POTTERY PRODUCTION PRACTICES: Understanding Batch Mixing Pugmills
September 1, 2007
Batch mixing pugmills (BMPs) combine the advantages of clay mixers and pugmills into one easy-to-use machine. A BMP has the ability to reclaim any combination of wet, dry, greenware, slip, slop and scrap. In addition, mixing from powder and water, or "warming" up commercially purchased clay, are simple tasks with a BMP.
Popular with long-time potters, BMPs eliminate the need to slake, wedge or constantly force-feed clay through the pugmill. Commonly referred to as a mixer that unloads itself and a pugmill that feeds itself, a BMP eliminates the laborious task of transferring clay from a mixer to a pugmill.
BMP SelectionA number of BMP variations are available on the market today. When choosing a BMP, it's important to consider if the unit reduces time, space, energy and complexity-all of which are beneficial. In addition, the unit's design, vacuum deairing capabilities, and advanced features should all be kept in mind.
Considerations regarding the ergonomics of the pugmill should not be overlooked. For example, where are the controls mounted? Are they easily accessible? Additional factors to keep in mind are the mobility and weight of the pugmill, maintenance requirements and complexity (i.e., how many bolts/parts need to be removed in order to clean the unit), and if and how the BMP deairs the clay (see also the Vacuum Deairing section in this article).
The unit's electrical requirements are important to consider. With rising electrical costs, the initial savings on a BMP could be quickly lost if the BMP is not designed for maximum efficiency. For example, the additional power consumption (amps) required to run a 2-hp vs. a 1-hp motor will cost several hundred dollars per year to operate. The design of the vacuum pump and the required duration to operate the vacuum pump during clay processing also adds cost to the process.
Component preservation and longevity are also important factors. It's important to keep in mind the expected quality and lifespan of the components that make up the BMP's drive system and controls. What components can be expected to fail, and how quickly, and how accessible are the replacement/spare parts?
BMPs have raised the bar on the quality of deaired clay available to the consumer. If properly designed, a BMP can provide warm deaired clay with superior plasticity. Again, simplicity is key to the design and functionality of the deairing system. Just ask someone who owns a standard deairing pugmill: a lot of time and energy can be spent fighting a deairing system that does not properly deair the clay or that jams while loading and pugging. For potters that depend on product for an income, problems with deairing ultimately mean lost profits.
A deairing system should effectively remove the air from the sealed pugmill, and compact and pug the clay as required. The BMP vacuum design ranges from systems that require vacuum screens and large vacuum pumps to machines that completely deair the whole batch while it is mixing through the use of a small, efficient vacuum pump.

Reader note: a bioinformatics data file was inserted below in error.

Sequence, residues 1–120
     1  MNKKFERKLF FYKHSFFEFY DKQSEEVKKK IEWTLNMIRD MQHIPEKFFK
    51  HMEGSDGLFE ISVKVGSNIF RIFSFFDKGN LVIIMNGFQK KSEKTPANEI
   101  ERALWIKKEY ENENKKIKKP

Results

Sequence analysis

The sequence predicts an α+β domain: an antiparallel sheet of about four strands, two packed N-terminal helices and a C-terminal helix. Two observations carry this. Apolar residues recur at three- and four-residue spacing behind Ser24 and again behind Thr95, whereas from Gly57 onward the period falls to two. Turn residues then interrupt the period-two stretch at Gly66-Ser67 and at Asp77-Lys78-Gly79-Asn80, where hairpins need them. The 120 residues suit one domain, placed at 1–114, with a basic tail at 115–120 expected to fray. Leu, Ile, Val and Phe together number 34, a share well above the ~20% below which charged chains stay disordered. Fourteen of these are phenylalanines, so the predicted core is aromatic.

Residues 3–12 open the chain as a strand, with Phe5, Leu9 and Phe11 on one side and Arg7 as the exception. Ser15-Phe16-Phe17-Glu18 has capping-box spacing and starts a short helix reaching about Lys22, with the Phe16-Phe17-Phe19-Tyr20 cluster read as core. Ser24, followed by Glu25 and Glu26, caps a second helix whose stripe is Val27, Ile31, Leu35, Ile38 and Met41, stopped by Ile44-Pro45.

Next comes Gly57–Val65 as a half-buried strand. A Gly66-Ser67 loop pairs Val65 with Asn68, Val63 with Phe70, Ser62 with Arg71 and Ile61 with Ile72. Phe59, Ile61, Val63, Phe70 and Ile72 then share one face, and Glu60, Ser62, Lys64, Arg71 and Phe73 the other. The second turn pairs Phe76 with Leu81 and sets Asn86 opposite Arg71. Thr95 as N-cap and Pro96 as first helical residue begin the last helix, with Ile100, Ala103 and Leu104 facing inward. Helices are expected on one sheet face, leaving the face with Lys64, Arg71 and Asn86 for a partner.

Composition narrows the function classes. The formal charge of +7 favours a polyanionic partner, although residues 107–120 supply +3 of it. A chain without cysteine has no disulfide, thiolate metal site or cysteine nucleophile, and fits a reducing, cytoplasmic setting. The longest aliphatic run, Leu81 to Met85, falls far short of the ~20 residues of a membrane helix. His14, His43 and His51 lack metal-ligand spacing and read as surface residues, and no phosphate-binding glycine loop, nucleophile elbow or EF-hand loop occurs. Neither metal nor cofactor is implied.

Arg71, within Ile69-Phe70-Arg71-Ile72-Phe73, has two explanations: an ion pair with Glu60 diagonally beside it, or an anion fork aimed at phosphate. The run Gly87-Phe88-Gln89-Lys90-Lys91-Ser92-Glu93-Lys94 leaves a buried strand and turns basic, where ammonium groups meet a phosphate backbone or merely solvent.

Deairing BMPs come equipped with seals between mating surfaces to allow for proper vacuum deairing. As opposed to flat gaskets, o-ring seals are very effective, durable, and readily available since they are standard worldwide and inexpensive to replace. In turn, BMPs that are designed to completely seal can also serve as storage containers where moist clay can be kept indefinitely, which eliminates the need for slop buckets or the generation of unwanted mounds of scrap.
With the success of BMPs, manufacturers continue to push the envelope with their capabilities. Some BMPs now have extrusion dies that can be mounted directly to the end of the BMP, which allows users to pull the deaired handles or coils at the push of a button.
Variable speed control is another useful option when extruding clay through small shapes. Variable speed allows the operator to control the auger speed, and thus the speed of the extrusion. This allows the operator to slow the machine down to allow smooth deaired shapes to extrude directly from the pugmill.
Tile model BMPs are also now available, along with auxiliary equipment. Updated equipment and processes designed specifically for tile making have been proven to save time, money and energy when used to replace antiquated equipment or outmoded processes. Some BMP manufacturers also have tile consultants available to support consumers' needs, specifications, installation and process refinements.
Finally, some BMPs now feature intellectual mixing technology (IMT), which allows the pugmill to speed up twice as fast as standard pugmills while maintaining proper torque in the mixing chamber. Cycle times can be dramatically reduced using IMT.
Do Your ResearchWhen shopping for a BMP, be sure to look for equipment from a manufacturer with a good reputation and a long track record of excellent performance and customer service. This will ensure a solid return on your investment, while your new BMP works tirelessly for many years to come.
For more information about mixing and pugging equipment, contact Peter Pugger at 3661 Christy Lane, Ukiah, CA 95482; (707) 463-1333; fax (707) 462-5578; e-mail firstname.lastname@example.org; or visit www.peterpugger.com.